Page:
Extinction. When you want a behavior to stop entirely, you may want to try extinction. Extinction suggests that a behavior that is not rewarded will not reoccur, and therefore you must eliminate rewards (intended or unintended) that follow your child’s misbehavior. If your child is seeking attention, you must ignore the behavior, therefore eliminating the typical reward for the behavior (attention). Remember that negative attention can reinforce a behavior as much as positive attention, and thus the importance of totally ignoring the behavior.

    Reference: NASP Communique Article 36-6 (written by Jennifer Reinehr, PsyD and Sarah Valley-Gray, PsyD


    Transitions for Young Children

    My son started his first day in the “Apple class” at his preschool, today.  He is very concerned that his new classroom may not have a dress-up center with a firefighter helmet. (This is a big deal, trust me. 🙂 )  His difficulty gave me the idea to write a post about transitions, which are frequently difficult for young children.

    Just as you like to know information about an upcoming change, so does your child.  Take time to talk with him about the new setting and what he will see and experience.   Remind your child that it is alright to feel scared or sad about the change.  Explain that it will take a little while to get used to the new place but that you will be there to help them.

    Moving from one activity to another during the school day can sometimes cause children anxiety if they don’t know what to expect.  Here are some simple things that teachers (and parents) can do to help ease transition difficulties.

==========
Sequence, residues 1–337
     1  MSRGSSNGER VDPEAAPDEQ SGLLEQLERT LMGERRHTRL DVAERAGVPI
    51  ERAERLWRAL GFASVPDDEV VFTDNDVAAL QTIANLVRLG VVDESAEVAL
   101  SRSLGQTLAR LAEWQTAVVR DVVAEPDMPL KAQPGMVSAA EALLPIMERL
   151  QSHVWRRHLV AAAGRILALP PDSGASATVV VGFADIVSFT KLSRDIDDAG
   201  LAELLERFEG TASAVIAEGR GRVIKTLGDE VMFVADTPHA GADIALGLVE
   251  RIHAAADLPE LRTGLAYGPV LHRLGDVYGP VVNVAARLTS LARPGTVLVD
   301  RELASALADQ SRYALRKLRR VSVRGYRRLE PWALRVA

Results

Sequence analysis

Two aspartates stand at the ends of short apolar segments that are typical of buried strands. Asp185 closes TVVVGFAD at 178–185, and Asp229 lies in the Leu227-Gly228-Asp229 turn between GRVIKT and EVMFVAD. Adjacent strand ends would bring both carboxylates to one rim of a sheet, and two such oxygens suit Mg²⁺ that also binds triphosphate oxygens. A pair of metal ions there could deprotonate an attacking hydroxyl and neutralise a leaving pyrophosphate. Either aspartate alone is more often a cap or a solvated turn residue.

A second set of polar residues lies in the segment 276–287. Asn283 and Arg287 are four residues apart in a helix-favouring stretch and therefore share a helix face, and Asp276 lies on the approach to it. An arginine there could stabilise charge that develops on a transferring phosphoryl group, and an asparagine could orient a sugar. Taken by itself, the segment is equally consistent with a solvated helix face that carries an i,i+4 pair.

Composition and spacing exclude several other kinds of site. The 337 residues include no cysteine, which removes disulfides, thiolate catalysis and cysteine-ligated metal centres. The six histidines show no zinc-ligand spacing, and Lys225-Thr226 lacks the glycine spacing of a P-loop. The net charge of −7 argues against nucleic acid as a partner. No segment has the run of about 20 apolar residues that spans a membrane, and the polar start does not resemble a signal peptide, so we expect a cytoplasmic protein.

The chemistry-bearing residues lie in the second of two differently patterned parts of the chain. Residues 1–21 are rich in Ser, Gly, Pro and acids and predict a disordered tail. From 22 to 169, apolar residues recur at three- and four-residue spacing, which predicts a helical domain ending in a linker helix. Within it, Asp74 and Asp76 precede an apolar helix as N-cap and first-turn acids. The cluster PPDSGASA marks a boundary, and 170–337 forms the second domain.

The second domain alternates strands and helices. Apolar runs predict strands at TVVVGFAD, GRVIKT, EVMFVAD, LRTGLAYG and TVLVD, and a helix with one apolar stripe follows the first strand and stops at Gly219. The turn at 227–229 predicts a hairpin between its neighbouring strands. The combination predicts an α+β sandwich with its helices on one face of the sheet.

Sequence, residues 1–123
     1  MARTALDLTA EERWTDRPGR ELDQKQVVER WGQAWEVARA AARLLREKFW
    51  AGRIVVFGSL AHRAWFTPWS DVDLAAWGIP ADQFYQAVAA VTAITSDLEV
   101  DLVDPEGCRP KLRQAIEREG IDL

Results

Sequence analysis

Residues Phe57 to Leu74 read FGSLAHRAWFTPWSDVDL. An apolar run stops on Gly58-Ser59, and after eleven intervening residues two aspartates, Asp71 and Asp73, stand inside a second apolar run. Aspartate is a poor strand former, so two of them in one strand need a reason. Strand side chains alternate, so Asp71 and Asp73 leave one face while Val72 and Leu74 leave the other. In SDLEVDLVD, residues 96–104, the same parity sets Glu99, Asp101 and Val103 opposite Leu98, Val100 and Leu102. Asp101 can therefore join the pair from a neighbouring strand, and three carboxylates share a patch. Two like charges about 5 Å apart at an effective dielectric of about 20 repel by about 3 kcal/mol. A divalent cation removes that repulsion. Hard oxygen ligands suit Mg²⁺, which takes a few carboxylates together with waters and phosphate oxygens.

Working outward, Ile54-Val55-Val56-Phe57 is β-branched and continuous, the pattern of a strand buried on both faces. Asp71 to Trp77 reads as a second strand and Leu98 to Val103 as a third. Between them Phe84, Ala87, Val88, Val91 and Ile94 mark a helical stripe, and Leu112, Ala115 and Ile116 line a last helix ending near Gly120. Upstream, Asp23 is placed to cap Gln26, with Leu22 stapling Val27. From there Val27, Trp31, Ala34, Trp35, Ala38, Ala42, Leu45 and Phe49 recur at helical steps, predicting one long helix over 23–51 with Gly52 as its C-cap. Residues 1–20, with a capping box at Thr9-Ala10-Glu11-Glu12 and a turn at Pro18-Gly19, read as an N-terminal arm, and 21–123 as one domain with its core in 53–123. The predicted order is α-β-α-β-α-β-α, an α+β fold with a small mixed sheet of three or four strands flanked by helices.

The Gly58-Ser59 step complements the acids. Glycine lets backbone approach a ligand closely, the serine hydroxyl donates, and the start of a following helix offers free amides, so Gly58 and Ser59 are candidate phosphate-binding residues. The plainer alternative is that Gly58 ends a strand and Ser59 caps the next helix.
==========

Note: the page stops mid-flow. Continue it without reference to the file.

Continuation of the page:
• Establish a daily routine
    • Plan a consistent schedule for transitions (A pictorial schedule may help to remind the child of when to transition to each activity)
    • Alert child, in advance, of any transitions
    • Set limits and enforce them consistently
    • Give clear, concise, simple directions; state them slowly and clearly
    • Give auditory and visual reminders
    • Use props and cues to assist children with special needs
    • Team children of varying abilities up in a buddy system
    • Move along with the children to model appropriate actions
    • Provide “fidget toys” to children, as needed, during wait times

    List is adapted from “Transition Ideas” at the Wisconsin Child Care Improvement Project, Inc.

    In unrelated news… This is cool.